Diane Guerrero 35:48

You're like the only person I feel comfortable telling I am having a terrible day. Because you're the only person... you're my only friend who calls me as much as any of my friends call [Jermaine: I care about you, dude.] I know, I know. I know.

Jermaine Fowler 36:00

Like, I... like, when you don't pick up, this is what you've helped me understand. When you don't pick up the phone, or when you ignore me, or send me to voicemail {Diane laughing} or whatever, I would take that personally. Because I'd be like...{chuckles} I'd be like, "Ah, man, she don't want to talk." And that's... you don't want to talk. Like, you just don't want to talk, and that's okay that you don't want to talk. But, you will call me eventually and be like...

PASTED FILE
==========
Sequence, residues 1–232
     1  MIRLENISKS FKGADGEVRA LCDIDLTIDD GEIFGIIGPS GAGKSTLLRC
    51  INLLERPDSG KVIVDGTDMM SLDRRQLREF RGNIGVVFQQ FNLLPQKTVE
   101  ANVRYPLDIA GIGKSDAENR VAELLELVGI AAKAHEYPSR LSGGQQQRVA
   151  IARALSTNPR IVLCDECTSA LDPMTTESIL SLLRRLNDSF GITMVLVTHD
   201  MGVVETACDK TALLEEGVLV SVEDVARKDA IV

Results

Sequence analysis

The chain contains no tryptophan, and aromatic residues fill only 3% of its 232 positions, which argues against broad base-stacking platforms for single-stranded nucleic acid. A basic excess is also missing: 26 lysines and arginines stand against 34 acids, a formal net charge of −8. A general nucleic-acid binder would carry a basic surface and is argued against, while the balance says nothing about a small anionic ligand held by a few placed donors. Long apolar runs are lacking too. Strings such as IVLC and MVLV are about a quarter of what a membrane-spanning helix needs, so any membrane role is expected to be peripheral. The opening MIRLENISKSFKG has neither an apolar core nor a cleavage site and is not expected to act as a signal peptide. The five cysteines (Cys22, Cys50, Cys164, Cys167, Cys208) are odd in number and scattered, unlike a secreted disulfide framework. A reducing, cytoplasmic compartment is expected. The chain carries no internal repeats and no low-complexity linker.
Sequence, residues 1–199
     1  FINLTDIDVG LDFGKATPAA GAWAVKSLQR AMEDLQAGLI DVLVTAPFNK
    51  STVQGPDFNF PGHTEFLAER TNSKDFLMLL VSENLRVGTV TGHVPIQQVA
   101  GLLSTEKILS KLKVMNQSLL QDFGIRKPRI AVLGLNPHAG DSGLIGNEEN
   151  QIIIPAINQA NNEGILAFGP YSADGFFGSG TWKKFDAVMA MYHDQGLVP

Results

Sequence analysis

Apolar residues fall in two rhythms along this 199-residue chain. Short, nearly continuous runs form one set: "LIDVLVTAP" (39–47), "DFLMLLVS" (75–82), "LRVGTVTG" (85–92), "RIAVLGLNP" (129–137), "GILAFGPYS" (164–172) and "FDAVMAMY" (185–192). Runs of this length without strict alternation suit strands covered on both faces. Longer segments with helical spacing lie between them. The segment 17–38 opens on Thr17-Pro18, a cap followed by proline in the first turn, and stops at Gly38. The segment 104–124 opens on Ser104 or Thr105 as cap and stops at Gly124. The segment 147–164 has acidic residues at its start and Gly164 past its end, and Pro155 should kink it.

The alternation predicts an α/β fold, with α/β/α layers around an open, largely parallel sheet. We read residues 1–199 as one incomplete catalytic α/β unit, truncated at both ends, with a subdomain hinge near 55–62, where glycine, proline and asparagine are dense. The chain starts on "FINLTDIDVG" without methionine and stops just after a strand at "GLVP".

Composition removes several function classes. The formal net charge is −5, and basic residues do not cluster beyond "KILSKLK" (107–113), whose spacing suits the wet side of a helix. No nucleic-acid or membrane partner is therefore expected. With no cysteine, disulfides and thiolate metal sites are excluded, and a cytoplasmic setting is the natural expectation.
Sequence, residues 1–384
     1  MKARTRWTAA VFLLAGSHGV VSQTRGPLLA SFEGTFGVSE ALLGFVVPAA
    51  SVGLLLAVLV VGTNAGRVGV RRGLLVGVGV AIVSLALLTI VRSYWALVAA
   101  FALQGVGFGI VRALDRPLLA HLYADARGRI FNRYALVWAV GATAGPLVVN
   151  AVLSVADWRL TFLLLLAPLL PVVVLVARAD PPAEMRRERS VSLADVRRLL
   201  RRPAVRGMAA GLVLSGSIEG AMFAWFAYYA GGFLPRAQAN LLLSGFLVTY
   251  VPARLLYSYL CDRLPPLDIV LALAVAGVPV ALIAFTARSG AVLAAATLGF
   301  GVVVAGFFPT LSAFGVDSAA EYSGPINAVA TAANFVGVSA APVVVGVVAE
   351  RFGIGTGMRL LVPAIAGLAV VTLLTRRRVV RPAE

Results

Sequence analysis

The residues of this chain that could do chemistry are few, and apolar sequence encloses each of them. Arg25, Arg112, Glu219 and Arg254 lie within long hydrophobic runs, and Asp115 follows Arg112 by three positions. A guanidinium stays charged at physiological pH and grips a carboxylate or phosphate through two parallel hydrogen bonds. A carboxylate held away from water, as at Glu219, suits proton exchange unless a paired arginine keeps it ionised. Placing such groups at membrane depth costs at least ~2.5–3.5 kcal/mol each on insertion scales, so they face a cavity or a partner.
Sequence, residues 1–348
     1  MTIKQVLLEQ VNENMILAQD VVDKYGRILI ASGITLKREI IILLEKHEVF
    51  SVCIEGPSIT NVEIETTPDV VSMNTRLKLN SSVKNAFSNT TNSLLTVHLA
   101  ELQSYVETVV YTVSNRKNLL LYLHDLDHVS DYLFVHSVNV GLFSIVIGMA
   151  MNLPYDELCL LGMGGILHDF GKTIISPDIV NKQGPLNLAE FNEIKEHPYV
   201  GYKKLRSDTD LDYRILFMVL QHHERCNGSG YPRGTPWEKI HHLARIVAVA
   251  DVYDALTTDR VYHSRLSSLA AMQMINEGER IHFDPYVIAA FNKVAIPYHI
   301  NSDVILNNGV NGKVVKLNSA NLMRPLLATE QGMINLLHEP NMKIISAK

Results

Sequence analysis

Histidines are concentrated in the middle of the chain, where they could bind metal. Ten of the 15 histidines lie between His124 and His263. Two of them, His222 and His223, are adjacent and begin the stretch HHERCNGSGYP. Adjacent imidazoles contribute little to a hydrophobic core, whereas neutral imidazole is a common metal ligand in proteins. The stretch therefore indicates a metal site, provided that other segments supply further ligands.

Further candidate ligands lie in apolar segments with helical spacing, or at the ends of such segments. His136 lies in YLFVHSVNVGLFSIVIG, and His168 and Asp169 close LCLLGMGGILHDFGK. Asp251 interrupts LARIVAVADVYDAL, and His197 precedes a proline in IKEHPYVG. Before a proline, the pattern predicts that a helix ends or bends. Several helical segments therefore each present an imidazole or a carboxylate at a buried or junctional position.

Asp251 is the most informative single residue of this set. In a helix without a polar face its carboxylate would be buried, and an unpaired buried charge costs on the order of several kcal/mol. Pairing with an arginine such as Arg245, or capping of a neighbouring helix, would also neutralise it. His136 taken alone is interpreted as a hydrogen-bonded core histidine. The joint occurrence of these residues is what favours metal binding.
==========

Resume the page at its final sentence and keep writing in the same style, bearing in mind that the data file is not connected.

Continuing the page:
Diane Guerrero 36:19

I love how you always change my voice. {Jermaine laughing} As if I ever had this deep voice. {laughing}

Jermaine Fowler 36:25

Hey. {laughing} Hey, man. But no, you, you you, you know, when you have a bad... I have bad... I have bad days too, and I call you. And what I've had to understand is like, [Diane: Yeah} you have your own process. You know? You, when you're ready to pick up, you will pick up. When you're ready to talk, you will talk. And so, I've been accepting that and understanding that more, thanks to you. So thanks.

Diane Guerrero 36:45